May 8, 1915 Pittsburgh Bulletin- "A log house, once the fortified home of a rugged, full-bearded frontiersman, stands near Indian Springs in Schenley Park, and is now used as a rest house for Pittsburgh business men and stylishly dressed women who seek recreation during the summer months playing golf on the city links.

This cabin was built in 1765 by Robert Neal, of thick hewn logs, the interstices being chinked with flat stones and clay as a protection against the attacks of Indians. It is one of the few pioneer cabins still standing in Western Pennsylvania in which the stone chimney is entirely within the walls and in which the loophole windows, originally about two feet long and less than a foot high, were not enlarged after danger from Indian attack had passed.

This home stood close to Nemacolin’s trail, later known as the “old Road”, which lead from Philadelphia to Fort Pitt. Packhorse trains and heavy Conestoga wagons bearing supplies from the East passed it on their way to the log village of Pittsburgh. Several times it was besieged by Indians and bloody encounters have occurred about its log walls.

Neal himself owned a Conestoga outfit and with Jack Andrews, a neighbor, made frequent trips to Philadelphia during which he was exposed to constant danger of attack by bands of Indians, for the capture of a heavily laden freight wagon yielded much booty.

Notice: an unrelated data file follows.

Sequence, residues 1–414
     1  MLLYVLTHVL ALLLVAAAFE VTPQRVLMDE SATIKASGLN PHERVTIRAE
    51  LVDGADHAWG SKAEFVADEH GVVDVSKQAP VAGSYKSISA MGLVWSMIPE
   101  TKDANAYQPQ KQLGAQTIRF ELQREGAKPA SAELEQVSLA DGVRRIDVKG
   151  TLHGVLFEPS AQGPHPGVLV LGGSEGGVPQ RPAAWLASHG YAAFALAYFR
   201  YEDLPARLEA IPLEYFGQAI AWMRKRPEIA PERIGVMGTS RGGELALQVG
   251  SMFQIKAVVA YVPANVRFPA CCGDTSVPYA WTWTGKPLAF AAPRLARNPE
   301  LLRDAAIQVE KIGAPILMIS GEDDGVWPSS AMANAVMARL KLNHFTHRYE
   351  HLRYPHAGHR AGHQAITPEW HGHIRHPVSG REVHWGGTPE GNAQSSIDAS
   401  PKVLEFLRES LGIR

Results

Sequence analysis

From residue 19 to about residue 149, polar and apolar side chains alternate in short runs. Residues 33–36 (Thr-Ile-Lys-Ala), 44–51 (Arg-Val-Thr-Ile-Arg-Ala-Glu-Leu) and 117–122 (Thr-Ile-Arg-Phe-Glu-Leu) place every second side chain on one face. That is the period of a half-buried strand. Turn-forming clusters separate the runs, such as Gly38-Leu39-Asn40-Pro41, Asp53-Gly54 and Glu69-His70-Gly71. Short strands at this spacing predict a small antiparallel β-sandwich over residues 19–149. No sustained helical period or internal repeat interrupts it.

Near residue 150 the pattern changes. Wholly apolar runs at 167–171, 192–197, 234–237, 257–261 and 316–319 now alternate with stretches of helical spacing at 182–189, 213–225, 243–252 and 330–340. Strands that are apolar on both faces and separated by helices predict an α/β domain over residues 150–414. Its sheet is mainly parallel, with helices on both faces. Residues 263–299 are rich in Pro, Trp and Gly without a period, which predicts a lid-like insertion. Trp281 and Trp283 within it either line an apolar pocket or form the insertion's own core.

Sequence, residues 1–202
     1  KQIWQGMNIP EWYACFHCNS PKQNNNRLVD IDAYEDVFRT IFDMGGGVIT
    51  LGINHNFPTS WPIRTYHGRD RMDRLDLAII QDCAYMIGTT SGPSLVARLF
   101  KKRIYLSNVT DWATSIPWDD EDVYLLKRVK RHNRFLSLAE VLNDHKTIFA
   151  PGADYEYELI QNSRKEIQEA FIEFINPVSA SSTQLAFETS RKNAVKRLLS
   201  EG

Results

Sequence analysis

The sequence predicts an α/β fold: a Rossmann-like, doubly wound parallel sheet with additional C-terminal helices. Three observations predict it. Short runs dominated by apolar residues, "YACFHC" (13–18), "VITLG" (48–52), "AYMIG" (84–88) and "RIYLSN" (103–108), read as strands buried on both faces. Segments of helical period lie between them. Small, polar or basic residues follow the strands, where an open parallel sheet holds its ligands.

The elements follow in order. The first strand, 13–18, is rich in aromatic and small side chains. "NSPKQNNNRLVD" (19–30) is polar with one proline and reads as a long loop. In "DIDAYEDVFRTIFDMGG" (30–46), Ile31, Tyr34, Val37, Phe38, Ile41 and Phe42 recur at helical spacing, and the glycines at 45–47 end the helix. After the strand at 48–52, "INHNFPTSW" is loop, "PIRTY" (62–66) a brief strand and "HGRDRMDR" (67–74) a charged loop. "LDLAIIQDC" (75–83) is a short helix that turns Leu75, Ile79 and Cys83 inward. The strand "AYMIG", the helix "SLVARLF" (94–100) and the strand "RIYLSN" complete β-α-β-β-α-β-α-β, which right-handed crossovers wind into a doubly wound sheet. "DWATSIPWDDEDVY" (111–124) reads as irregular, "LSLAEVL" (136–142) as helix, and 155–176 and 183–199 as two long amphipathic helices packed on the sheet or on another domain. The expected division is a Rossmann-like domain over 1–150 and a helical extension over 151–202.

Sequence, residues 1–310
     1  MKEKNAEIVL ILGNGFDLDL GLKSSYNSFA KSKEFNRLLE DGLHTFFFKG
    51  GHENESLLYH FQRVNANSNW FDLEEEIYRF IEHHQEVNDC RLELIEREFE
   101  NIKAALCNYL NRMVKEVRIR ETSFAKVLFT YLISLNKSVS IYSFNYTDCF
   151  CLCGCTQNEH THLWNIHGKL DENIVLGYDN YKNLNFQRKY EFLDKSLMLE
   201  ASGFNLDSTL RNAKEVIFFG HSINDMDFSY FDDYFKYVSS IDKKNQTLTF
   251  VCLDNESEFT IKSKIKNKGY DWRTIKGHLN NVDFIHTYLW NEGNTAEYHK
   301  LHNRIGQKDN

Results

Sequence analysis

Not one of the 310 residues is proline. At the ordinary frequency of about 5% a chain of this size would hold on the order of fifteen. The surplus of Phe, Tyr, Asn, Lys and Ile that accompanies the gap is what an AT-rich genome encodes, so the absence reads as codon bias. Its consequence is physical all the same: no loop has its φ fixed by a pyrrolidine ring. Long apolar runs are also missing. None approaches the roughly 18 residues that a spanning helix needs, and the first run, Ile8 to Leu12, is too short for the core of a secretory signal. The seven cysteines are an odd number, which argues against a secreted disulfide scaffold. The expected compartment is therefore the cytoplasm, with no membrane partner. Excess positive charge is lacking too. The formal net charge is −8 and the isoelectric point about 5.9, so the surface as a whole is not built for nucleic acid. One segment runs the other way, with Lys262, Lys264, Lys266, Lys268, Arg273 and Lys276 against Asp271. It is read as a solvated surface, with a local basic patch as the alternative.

One midsummer evening a few years before the beginning of the Revolutionary War, Neal and Andrews had almost reached the cabin on a return trip from Philadelphia without adventure when suddenly just as they were starting down the hill at what is now Murray Avenue and Forbes street an Indian darted out of the bushes and hurled something at the team. The six horses plunged violently down the hill, frantic with fear and pain. The Indian had thrown a wasps’ nest which struck the back of one of the horses and broke, liberating the insects which stung the horses and the driver viciously.

Neal with two “tenderfoot” passengers from Philadelphia who were on the back of the big covered wagon were not stung but they narrowly escaped being thrown to the ground by the unexpected plunge of the horses, the passengers losing their rifles.